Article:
by Amanda Tarr
Zion National Park, Utah
Two final sixteen hour work days and the end is finally in sight. It's been
six months. Virtually no climbing and my burnout index has been off the
scale.I've been working weekends, just trying to make up for my apparent
inability to accomplish anything. A self perpetuating cycle which just serves
to send me to the point of wanting to sell all my possessions and hit the
road. But I lack even the ambition to do this. So with the product demo
burned onto a CD for the tradeshow, I throw all my gear into my truck and
My mind drifts between thoughts of the mass overhaul I want to do of all
my code and vague musings about whether or not I still remember how to climb.
Sometime around 2 am headlights are blurring and dancing and I pull over
to snooze in the front seat of my truck.
Midday in Zion, and it takes me an hour and a half to get my bivy permit
due to Memorial Day crowds. I end up parking half a mile from the trailhead
and shoulder up the first of the day's two loads. The crowds on the trail
make my mind drift back to my cow town upbringing. Where are the cowboys
who usually keep the herd moving? They stop right in the middle of the trail
to converse, and I can't get around to the left or the right. My shoulders
are screaming. Stress. I take a deep breath. "Excuse me please."
"Huh? Oh." I can't wait to be up above the crowds.
I pull out the binocs and try and reacquaint myself with the line I startedearlier
this year. The familiar cold fear of the unknown creeps up my spine. I don't
really know how some sections are going to go. Things look a little looser
than they did a few months ago. How on earth am I going to get down from
this thing? The route appears to overhang for at least 50 percent of the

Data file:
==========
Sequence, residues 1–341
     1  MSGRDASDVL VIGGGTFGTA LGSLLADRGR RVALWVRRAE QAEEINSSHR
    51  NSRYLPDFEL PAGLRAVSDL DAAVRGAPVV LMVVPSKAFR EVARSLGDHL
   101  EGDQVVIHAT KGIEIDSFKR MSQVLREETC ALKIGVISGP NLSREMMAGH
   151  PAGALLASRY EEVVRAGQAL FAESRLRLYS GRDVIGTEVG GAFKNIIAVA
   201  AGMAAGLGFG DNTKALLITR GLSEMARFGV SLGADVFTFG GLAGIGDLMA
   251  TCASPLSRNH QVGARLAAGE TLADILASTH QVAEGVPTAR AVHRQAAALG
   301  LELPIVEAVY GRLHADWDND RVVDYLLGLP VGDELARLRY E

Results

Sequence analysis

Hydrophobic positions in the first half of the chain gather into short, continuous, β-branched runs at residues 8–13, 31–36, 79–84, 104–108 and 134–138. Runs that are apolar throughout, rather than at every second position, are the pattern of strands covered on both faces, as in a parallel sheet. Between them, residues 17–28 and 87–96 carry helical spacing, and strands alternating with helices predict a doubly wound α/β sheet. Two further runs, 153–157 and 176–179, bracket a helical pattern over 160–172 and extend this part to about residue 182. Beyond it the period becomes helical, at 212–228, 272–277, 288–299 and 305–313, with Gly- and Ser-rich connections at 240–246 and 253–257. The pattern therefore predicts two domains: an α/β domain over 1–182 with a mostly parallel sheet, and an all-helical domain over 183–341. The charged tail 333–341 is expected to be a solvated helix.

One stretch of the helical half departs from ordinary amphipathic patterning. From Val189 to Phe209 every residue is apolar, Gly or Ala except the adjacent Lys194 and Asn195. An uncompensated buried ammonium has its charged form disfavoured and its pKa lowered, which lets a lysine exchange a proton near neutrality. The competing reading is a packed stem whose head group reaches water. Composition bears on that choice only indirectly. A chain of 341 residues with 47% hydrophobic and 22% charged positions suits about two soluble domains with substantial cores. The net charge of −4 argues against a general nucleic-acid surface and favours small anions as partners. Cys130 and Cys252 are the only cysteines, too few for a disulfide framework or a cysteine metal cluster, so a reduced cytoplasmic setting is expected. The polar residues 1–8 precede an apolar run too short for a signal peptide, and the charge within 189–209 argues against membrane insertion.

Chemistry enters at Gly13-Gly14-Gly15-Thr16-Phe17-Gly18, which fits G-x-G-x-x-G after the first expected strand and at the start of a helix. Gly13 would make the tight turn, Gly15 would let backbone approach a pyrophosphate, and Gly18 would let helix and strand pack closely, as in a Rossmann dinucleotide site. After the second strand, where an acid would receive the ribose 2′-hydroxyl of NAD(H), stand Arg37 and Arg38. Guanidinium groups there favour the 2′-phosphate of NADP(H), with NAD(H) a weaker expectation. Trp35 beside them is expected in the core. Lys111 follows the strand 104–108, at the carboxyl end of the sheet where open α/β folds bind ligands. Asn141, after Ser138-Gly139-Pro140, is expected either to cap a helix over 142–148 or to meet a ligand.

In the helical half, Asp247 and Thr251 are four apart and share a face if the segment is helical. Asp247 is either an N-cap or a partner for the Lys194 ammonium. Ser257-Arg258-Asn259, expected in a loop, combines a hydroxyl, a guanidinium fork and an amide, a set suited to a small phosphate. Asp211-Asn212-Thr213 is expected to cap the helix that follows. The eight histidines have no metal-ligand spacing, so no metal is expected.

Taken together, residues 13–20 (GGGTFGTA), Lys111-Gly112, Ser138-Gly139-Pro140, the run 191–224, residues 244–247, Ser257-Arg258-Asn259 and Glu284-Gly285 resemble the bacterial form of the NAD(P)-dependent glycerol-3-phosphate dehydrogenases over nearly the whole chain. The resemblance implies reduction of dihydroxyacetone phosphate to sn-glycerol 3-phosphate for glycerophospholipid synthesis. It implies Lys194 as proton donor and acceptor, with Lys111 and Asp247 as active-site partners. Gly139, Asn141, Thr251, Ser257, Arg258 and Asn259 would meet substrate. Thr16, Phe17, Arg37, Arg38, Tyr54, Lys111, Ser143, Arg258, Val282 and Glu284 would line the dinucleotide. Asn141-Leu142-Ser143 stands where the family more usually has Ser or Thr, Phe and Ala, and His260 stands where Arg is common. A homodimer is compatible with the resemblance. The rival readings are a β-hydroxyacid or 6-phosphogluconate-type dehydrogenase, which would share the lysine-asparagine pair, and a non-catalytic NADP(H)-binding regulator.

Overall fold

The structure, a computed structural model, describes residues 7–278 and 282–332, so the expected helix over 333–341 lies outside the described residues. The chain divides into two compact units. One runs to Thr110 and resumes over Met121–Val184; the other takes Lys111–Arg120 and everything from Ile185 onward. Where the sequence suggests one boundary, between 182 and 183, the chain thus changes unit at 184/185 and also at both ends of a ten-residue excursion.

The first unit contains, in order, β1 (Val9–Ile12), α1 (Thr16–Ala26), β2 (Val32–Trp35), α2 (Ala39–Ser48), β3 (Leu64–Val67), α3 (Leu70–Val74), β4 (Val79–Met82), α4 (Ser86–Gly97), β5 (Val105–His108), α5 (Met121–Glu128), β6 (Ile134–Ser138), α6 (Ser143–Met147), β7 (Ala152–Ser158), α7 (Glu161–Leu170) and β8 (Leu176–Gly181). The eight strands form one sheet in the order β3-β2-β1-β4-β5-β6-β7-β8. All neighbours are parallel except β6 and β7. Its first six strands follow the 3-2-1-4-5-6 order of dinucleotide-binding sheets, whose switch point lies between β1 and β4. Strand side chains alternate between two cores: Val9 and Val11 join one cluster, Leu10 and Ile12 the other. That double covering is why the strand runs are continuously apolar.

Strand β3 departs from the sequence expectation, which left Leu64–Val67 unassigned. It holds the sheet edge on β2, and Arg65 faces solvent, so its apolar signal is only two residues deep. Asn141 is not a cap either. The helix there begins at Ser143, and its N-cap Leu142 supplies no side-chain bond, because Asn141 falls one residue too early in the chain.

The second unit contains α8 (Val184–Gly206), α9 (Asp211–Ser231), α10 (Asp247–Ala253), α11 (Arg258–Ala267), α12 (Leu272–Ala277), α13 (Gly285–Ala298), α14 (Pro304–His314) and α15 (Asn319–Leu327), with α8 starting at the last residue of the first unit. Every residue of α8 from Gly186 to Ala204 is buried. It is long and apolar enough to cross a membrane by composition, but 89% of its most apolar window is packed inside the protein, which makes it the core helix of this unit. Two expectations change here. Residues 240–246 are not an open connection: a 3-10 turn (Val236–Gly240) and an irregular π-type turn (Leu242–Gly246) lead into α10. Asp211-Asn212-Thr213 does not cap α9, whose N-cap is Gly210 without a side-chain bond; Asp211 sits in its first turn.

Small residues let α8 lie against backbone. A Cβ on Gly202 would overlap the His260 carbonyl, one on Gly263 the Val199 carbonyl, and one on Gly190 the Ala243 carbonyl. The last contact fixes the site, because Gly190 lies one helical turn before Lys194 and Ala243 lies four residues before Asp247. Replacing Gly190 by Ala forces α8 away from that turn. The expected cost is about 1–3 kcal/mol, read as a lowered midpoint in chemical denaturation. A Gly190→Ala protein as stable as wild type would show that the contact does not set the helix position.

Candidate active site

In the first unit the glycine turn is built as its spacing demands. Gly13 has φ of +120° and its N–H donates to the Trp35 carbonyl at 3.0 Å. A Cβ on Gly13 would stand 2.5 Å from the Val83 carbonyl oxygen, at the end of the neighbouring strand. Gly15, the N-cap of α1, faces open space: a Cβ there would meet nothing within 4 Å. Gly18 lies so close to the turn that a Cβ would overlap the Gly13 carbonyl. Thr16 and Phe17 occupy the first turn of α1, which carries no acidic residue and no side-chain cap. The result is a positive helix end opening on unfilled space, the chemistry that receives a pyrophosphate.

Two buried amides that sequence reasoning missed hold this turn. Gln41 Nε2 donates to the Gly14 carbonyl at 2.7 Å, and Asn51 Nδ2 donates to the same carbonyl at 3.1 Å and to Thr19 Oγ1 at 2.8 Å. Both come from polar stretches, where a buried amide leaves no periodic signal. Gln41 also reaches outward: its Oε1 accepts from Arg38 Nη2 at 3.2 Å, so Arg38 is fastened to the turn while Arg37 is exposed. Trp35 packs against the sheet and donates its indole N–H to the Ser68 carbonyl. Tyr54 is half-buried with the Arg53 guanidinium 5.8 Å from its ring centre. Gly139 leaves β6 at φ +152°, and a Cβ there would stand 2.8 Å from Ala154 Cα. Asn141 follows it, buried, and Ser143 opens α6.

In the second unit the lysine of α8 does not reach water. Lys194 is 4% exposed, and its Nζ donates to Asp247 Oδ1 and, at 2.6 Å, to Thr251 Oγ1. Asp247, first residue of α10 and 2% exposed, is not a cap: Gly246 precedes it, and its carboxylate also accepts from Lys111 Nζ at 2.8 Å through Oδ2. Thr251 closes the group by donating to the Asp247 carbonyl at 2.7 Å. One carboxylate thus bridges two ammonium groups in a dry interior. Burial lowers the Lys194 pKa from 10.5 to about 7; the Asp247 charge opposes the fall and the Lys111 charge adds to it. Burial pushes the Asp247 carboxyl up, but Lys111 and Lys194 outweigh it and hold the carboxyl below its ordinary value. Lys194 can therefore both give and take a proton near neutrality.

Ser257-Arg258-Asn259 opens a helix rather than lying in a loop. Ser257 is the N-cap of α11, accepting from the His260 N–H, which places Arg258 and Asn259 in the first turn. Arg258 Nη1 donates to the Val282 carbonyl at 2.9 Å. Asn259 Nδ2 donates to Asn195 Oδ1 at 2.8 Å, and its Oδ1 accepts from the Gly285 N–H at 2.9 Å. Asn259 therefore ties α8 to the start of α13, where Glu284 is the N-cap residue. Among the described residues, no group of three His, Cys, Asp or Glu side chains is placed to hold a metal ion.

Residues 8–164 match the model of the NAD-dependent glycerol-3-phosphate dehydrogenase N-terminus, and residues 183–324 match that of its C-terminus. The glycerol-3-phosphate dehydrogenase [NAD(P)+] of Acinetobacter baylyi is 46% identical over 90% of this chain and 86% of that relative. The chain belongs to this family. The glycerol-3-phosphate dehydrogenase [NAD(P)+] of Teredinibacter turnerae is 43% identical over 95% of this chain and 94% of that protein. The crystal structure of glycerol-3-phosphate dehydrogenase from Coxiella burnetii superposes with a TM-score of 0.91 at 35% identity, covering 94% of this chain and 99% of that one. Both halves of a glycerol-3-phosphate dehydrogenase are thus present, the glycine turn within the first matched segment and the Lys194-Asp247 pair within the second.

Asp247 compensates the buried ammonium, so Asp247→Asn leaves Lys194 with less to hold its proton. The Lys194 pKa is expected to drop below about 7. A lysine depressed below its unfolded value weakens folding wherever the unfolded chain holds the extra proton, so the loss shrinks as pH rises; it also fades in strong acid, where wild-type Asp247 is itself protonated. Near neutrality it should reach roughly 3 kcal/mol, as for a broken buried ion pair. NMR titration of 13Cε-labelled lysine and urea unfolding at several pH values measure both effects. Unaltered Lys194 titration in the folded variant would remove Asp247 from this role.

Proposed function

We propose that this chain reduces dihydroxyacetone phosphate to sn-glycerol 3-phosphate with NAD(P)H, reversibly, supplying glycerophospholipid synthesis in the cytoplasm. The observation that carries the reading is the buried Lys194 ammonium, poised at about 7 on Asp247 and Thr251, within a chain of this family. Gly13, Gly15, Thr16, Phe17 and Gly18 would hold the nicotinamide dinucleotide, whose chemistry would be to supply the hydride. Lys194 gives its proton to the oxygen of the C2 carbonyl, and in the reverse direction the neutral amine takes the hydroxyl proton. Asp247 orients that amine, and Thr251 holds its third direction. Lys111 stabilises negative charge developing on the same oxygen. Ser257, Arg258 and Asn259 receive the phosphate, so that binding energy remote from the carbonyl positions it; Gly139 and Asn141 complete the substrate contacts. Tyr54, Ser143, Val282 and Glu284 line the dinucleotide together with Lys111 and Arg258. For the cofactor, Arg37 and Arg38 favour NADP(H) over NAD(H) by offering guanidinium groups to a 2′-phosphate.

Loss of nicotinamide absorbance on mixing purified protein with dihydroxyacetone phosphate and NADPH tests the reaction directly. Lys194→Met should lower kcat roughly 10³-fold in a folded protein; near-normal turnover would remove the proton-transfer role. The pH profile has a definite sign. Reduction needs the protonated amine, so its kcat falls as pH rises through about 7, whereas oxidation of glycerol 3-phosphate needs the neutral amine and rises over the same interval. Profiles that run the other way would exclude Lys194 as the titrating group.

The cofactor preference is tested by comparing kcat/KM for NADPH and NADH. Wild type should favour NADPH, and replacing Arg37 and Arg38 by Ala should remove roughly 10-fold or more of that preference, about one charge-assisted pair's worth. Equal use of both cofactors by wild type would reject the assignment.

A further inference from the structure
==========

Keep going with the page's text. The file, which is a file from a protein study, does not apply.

pitches and rappelling would be a horrendous involved process.
I'm always struck with an acute sense of loneliness immediately preceding
a solo ascent. Standing there with the binoculars in my hands amongst a
crowd of people telling me that I can't see the deer from where I am. There's
no understanding. I want to tell someone how scared I am, but out of the
thousands of faces clogging Zion Canyon, there's not a single familiar one
to relate my feelings to. The only thing to do is try and get some sleep.
And as it turns out, I get a bit too much sleep. I oversleep the alarm,
possibly an artifact of my months as the quintessential programmer; heading
off to bed as the sun comes up, stumbling into work as everyone is going
home to their families and friends.
Hump the final load up to the base and I'm climbing. The day's climbing
varies from beak seams to squeeze chimneys, and both pitches take one of
everything on the rack. The end of the second pitch marks my earlier highpoint,
and I clip the anchor with great ceremony to amuse myself. From here I'm
going to have to drill every belay.
Two whole pitches and No Stuck Haulbags. I toss and turn a bit, my nerves
still have my mind racing. But eventually I snuggle up to my food bag. Wonderful
thing about soloing with a double ledge is that you can just pile all your
junk into bed with you.
I wake up as the sun is igniting the summits of the higher points along
the canyon, and suddenly a big grin splits my face. I'm home. All my life
support systems are suspended around me and I'm back on one of those adventures
I used to dream of as a kid. Used to go out and pretend I was an explorer.
My poor little sister would get dragged along as my "navigator",and
we'd sail the swingset (masquerading as a pirate ship) around the backyard
for hours, not allowed to touch the grass. Gotta watch those alligators.
Beautiful friend crack leading out a roof, and some discontinuous and slightly
loose features up to another perfect belay ledge. Magically, there appear
ledges at all but one belay, and each new pitch is full of little surprises.Another
shallow crack emerging just as the one I'm follow peters out. Perfect hole
in the middle of the face looks like it was created to be exactly the size
of a 3/4" angle.
I'm not sleeping as well towards the top. High winds repeatedly lift up
my ledge one night and I remember my dreams with perfect lucidity. A friend